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The fallacy and hubris of “market attractiveness”

4 min read


How many times have you heard or even said, “Is that market attractive to us”? We look at the markets we’re in, the markets our competitors are in, maybe even some that are new and wonder if they are/could be good for our business. We may even think of creating or segmenting in a new way.

Stop and think of the hubris in that very question: “Is that market attractive to us?”

What is the real subject of that question? Us! Not the market! This is not as subtle as it seems. Subtleties reveal our organization’s basic assumptions and beliefs — our culture. Words — what, how, when, in which order we use them – mirror our culture. When I hear this question, which I do all the time in my line of work, I don’t hear a marketing question, I see a red flag. I see an organization that is internally focused, not outwardly focused on the customer. To top it off, we only measure things that are meaningful to us, not to our customers, like revenue, profit and share. Worse, these are lagging indicators and outputs instead of leading indicators and outcomes.

Instead, what if we ask, “Are we attractive to Market X?” This nuanced and profound shifts the tone and focus from us to the customer. A subtle change in grammar has a profound change in culture and measures of success. The focus is on the needs of the customers in the customers’ context. Socially oriented businesses are, generally, much better at focusing outwardly than most corporations. In order to solve people’s real needs, social businesses seek to understand the customers’ needs from the context in which they live, work, socialize, etc. — ethnographic market research. If we don’t understand our customers’ real needs and if/how we can provide meaningful, useful solutions to them (outcomes), then we won’t have to worry about lagging indicators and outputs like revenue and profit for too long.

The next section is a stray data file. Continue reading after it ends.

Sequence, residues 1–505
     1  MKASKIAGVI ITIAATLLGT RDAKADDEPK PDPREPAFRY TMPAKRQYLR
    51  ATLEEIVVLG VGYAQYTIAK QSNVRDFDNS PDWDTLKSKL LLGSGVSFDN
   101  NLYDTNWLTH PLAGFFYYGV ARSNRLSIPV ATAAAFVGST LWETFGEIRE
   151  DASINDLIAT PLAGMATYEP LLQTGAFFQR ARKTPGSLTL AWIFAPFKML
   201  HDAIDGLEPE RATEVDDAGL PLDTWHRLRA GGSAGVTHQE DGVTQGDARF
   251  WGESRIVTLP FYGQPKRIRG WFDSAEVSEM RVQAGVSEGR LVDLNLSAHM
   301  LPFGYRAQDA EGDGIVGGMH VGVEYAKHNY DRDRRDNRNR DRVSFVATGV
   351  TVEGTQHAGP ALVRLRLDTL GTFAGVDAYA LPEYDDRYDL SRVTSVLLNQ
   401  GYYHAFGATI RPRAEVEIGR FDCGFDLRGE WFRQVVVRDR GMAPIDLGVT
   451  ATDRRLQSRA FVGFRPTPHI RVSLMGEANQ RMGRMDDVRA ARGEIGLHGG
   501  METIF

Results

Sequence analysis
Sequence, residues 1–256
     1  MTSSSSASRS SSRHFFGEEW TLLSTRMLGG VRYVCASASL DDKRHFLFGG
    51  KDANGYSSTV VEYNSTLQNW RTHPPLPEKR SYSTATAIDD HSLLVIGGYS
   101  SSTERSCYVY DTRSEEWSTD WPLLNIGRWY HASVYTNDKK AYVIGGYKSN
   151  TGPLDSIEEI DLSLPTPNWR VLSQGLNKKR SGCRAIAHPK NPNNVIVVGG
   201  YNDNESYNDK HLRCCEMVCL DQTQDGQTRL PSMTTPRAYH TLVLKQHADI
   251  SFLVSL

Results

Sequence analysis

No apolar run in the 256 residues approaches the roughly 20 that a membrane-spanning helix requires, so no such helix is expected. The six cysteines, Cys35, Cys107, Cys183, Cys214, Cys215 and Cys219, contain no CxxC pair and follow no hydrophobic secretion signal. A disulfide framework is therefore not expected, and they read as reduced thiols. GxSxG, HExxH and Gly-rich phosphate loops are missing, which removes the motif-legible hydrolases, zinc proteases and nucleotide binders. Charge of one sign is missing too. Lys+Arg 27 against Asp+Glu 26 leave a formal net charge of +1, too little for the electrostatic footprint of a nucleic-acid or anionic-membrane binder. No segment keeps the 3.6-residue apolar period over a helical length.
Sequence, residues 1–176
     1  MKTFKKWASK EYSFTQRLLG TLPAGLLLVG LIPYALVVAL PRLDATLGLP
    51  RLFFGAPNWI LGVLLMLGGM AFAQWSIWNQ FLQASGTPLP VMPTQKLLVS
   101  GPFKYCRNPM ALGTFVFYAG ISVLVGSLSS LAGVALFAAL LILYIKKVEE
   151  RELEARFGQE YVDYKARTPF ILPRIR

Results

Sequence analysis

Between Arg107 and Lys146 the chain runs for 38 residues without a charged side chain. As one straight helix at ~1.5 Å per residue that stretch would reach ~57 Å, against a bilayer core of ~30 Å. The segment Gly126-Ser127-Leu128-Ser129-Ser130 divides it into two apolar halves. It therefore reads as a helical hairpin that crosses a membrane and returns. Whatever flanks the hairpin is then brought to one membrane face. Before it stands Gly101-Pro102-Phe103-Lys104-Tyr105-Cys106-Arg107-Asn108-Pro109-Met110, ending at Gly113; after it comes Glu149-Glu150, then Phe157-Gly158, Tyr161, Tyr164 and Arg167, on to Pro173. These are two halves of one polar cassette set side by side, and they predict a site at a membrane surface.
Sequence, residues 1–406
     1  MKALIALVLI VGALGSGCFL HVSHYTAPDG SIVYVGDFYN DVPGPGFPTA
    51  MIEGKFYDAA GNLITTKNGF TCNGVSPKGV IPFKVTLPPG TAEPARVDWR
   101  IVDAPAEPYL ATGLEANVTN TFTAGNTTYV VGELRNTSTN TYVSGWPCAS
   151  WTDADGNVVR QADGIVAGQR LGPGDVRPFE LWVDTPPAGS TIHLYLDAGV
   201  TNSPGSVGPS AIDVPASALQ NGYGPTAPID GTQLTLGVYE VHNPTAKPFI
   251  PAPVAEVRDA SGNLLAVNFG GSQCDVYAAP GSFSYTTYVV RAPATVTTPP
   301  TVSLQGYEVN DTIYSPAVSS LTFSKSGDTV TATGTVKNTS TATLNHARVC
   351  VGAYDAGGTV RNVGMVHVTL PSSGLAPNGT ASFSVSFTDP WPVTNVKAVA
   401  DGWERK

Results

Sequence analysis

Being market/customer focused is easily said but not easily done for an internally focused culture. Start with a few small steps over the next week:

  • Watch/listen for language. Is it internally or externally focused? Start rephrasing your own words first and then ask others to rephrase their ideas, questions, assertions and assumptions with the customer first;
  • Find a team that is more focused on customers and watch/listen to them. Document what you learn and see how you can apply that to daily work. Even if your “customer” is internal, it’s a start. Don’t be surprised if the team you find isn’t in marketing or sales. They could easily be in customer service, tech support and maybe even engineering or operations!
  • Identify a project that could use some customer-focused research and knowledge. Rally the team to use outward, customer-centric language and maybe even do a “voice of the customer” and/or “day in the life” of the customer. Share what you learn.

This is just a start; it takes time. If you can do this, and stay the course, you can change the culture to focus on solving your customers’ needs instead of your own. The outcome? Products and services that provide meaningful, valuable solutions to your customers. The output? Revenue, profit and share — to fund the investment in products and services that make a difference. Give it a try.

Deb Mills-Scofield has her own consultancy helping organizations create and implement highly actionable, adaptable, measurable, and profitable innovation-based strategic plans. Mills-Scofield also is a partner at Glengary LLC, an early-stage venture capital firm in Cleveland. She has 20-plus years of experience in strategic planning, execution and innovation with manufacturing, service and high-technology companies from large global companies to early-stage. She has also been involved in several carve-outs and startups, including her own. Find her on Twitter or on her website.